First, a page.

I remember some years Dad set up a small barrel of beer, a firkin of 9 gallons, next to the television. He used a home made sturdy wooden stool upturned as a stillage and educated us about the use of hard and soft pegs to bring the beer into condition. Being under a single glazed window in a house lacking central heating meant there was little threat of his 72 pints of Boddington’s bitter spoiling. In fairness these were years when Mam and Dad would often host a New Years Eve party

In these days before freezers, and even refrigerators in many homes, as all shops would be closed for several days, people would lay in large stocks of food. Many items made an appearance only at this time of the year: Turkish delight, Eat Me dates tightly packed in palm boxes with a strange plastic twig, tangerines from Morocco or Spain sometimes with paper or foil wrappings, boxes of chocolates, tins of Scottish shortbread, nets of mixed nuts in shells: hazelnuts, walnuts, Brazil nuts and those impenetrable almonds that defeated all but the mightiest nutcrackers.

Our turkeys and sometimes goose or capon would always be bought from the local Butcher often accompanied by a fresh cow’s tongue. I can still see the tongue now, a horrific vision in greaseproof paper, almost as it had been torn from the poor beast that very day, ready to be cooked and then pressed using a heavy weight on a saucer in the pan. The red meat, now cold, encased in its jelly, promising  delight for some but not me. There always had to pickled onions or mixed pickles, perhaps a call to a Jewish delicatessen in nearby Cheetham Hill where a large jar of pickled cucumbers could be secured.

On the day itself, we got up very early to see our presents downstairs,over the years we received Plastic toy soldiers, army sets of tanks and artillery pieces, a football strip, then free of badges, numbers and sponsor’s logos, red for United, a cowboy outfit, hat, pistols in a bullet belt with a nifty string to tie the holster to your legs, a neckerchief and perhaps a waistcoat, a football, a robot with batteries from Taiwan, a paintbox and colouring books, a compendium of games, books and inevitably the selection boxes filled with weeks of rations of chocolate bars that had little chance of surviving until the new year. One year we actually were up before my dad came in from a neighbours Christmas Eve party, needless to say he packed us off back upstairs .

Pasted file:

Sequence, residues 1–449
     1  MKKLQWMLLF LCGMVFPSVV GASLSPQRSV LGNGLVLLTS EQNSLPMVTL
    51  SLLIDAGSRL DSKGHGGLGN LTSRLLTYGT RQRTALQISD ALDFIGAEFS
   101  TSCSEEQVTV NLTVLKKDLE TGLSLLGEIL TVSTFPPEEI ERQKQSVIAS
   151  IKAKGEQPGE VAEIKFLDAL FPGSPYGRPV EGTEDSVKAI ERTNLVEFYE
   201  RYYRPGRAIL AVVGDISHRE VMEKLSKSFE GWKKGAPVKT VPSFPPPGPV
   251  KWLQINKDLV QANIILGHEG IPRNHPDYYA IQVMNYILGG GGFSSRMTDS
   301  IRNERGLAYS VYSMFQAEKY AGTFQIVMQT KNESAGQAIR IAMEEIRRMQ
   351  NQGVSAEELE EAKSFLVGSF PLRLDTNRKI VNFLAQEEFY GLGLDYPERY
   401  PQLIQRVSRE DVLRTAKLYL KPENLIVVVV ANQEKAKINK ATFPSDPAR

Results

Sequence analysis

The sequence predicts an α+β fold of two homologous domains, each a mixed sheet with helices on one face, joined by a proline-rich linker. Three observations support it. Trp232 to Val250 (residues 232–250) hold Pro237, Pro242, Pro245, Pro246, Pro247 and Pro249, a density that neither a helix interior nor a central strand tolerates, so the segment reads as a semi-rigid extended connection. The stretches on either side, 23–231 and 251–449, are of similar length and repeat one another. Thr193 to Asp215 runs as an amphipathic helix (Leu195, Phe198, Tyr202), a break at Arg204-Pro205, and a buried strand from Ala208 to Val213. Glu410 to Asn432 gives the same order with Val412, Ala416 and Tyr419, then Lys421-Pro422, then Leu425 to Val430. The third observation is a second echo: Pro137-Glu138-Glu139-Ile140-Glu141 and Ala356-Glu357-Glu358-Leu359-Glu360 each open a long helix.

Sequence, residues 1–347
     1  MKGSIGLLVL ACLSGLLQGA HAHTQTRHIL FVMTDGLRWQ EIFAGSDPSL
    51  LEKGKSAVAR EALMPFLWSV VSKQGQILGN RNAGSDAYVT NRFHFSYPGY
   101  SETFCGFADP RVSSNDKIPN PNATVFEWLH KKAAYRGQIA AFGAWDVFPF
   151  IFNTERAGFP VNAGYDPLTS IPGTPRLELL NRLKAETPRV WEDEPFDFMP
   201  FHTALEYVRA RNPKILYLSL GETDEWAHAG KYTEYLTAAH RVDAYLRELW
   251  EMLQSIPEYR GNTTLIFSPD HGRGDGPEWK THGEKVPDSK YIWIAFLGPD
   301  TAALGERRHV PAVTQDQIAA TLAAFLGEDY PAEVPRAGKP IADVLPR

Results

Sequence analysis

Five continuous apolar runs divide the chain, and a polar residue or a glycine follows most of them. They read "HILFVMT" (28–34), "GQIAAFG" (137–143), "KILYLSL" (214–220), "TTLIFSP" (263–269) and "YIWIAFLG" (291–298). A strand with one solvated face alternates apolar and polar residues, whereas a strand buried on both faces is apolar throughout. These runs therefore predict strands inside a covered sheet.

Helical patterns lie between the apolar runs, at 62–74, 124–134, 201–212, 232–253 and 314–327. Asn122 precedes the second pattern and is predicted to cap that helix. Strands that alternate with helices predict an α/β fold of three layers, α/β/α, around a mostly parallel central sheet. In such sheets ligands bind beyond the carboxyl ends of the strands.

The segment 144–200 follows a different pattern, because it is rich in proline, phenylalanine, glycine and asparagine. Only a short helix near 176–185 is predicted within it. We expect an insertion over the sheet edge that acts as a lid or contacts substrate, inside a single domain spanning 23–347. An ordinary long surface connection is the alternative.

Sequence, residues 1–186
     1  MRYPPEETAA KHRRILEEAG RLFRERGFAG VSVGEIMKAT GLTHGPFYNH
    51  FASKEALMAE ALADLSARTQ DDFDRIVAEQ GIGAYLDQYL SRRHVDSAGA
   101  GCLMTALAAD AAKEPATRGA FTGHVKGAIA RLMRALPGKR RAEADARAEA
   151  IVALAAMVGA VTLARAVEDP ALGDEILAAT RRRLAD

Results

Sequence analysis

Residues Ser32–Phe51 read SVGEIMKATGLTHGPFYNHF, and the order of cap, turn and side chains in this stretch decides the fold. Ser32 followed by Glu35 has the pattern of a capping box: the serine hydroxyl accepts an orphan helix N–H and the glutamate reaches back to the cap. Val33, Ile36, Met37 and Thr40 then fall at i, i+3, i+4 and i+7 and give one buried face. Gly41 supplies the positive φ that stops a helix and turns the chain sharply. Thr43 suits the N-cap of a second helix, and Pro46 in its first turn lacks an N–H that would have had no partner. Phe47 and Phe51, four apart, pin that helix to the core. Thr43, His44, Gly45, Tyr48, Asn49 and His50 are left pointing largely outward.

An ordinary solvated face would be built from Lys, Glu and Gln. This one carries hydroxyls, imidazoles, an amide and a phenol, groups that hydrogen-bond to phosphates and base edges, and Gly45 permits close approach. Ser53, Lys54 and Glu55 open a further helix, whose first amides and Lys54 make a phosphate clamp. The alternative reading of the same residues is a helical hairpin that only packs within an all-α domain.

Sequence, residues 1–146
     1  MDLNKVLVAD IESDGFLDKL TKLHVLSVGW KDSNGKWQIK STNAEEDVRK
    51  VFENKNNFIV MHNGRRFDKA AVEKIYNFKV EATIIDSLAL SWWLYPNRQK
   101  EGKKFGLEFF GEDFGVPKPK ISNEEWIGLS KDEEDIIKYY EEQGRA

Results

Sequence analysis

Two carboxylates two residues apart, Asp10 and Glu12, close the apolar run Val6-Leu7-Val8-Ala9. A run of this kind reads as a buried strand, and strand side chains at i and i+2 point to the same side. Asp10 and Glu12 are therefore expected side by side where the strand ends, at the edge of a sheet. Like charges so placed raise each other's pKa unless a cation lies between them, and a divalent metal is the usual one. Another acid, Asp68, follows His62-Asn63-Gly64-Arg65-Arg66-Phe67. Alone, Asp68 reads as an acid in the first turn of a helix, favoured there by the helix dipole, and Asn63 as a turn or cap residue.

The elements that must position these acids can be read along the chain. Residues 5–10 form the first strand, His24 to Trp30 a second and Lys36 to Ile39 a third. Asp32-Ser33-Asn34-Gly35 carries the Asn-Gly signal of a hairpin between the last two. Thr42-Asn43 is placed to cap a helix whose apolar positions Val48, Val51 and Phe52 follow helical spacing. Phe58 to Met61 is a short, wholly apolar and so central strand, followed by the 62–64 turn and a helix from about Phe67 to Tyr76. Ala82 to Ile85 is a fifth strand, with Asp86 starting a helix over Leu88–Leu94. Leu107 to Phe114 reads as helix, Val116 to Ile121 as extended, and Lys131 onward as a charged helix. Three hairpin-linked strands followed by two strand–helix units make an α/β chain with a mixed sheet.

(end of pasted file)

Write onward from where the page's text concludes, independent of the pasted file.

Christmas day continued with Mam up at “God knows what” hour to get the turkey on, an annual battle to get oversized poultry into a small gas oven, there were vegetables to prepare, puddings to boil, gravy to make, tables to lay. I am ashamed to say she got little help.

My brother and I would go to church for the Christmas morning service stopping only to exchange boasts about our presents with other kids or watch enviously as some kid showed off their new bike in the street. Church was pleasant with carols and a joyously short sermon. Soon over. We would sometimes cross paths on our return home with our Dad who nipped out for a restorative festive “gill” at the Waterloo Inn, a beer only licence Boddington’s street corner local midway between our house and the church.

We invariably ate around 1 or 2 o’clock, following the visit of our only grandmother and two uncles who lived a couple of hundred yards away. Uncle Bert, an ex-Coldstream guard who had served in Malaya in the Fifties, would enjoy tickling us mercilessly. In the years we had Nana and uncles Bert and Frank to Christmas Dinner, then the extending table would be moved into the living room and the settee pushed back to the wall. It was not uncommon for them to bring their own dining chairs or a makeshift bench be fashioned from two chairs and a plank.

No starter of course, the meal began with turkey, roast potatoes, mashed potatoes, carrots and sprouts. No bread or Cranberry sauce then, we did have Chipolata sausages but without a bacon wrapping. They were never known as pigs in blankets. The stuffing would be Paxo sage and onion made from a packet and stuffed into the cavity of the bird. Gravy was home made and used the turkey giblets as a base finished with scrapings from the roasting dish and thickened with cornflower and Bisto gravy mix. Afterwards there was Christmas pudding, boiled for an age and served with white sauce spiked with dark rum. No wine was ever served, perhaps some glasses of beer and a Dubonnet and lemonade for Nana.